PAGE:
'You're getting on that plane with Victor Larsen!'
Noah Isenberg's book, “We'll Always Have Casablanca: The Life, Legend, and Afterlife of Hollywood's Most Beloved Movie,” has some interesting stuff on the censorship battles between Warner Bros. and Joseph Breen's Motion Picture Production Code. But the most intriguing examples of censorship are actually foreign:
When the film was released a year later in [Ingrid] Bergman's native Sweden, officially a neutral nation but one with lingering trade and diplomatic ties to Germany, it wasn't so much the sex that concerned the censors as it was the defamation of the Nazis (Rick's shooting of Strasser and Renault's kicking of the Vichy bottle were removed, as was Renault's wry comment on trashing Rick's Café after its doors are closed for business, “You know how that impresses Germans.”)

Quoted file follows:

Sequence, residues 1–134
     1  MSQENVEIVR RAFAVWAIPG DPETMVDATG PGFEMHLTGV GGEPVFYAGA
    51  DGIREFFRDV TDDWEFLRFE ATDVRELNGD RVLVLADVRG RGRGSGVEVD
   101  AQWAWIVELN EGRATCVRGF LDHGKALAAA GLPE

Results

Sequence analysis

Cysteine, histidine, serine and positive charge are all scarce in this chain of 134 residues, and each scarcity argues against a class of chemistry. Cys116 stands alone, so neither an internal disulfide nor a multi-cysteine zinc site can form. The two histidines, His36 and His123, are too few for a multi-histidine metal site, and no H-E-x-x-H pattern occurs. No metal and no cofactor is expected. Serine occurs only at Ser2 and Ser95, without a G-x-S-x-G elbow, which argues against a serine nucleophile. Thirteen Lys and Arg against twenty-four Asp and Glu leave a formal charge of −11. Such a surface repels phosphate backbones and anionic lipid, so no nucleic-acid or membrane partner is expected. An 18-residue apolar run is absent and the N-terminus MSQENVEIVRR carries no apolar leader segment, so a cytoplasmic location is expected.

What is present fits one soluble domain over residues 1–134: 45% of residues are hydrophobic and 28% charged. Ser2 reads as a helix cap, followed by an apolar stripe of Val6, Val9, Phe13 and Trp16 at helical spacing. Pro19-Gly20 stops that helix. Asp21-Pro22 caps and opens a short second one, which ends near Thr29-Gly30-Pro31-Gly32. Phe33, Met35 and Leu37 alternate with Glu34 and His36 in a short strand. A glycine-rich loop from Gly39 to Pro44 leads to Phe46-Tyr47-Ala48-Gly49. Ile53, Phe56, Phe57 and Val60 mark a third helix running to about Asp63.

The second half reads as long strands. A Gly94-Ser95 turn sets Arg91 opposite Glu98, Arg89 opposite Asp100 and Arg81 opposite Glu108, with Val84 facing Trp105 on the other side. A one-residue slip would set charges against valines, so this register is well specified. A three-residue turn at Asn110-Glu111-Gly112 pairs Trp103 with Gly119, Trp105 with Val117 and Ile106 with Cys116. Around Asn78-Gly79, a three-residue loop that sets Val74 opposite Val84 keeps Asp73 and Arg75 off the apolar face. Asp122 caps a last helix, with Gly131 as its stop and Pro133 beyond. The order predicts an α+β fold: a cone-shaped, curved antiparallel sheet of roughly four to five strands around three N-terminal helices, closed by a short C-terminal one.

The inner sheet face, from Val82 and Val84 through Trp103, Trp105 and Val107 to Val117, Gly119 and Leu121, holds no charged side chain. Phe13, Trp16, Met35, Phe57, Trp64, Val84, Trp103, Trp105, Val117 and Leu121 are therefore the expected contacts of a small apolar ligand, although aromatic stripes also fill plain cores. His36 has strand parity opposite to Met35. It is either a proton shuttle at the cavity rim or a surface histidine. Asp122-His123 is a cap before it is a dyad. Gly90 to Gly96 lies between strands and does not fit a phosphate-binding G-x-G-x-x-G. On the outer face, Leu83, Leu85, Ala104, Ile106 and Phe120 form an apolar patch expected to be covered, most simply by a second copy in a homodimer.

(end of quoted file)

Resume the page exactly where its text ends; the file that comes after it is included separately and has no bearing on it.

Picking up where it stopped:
Of course, that was nothing compared to what happened when the film was released in West Germany after the war:
In West Germany, the initial release of the film in 1952 was a heavily edited, dubbed version (also shown during the early years in postwar Austria), stripped of all scenes that might disturb the delicate, halfhearted process of de-Nazification—Major Strasser is completely cut out, as are all references to the Third Reich, creating a film that's some twenty-five minutes shorter. Gone is the singing of the “Marseillaise”; gone, too, all anti-Nazi jokes and dialogue. The old Czech partisan Victor Laszlo becomes Victor Larsen, a Norwegian atomic physicist hunted by Interpol.
Would be fascinating to see this West German version one day.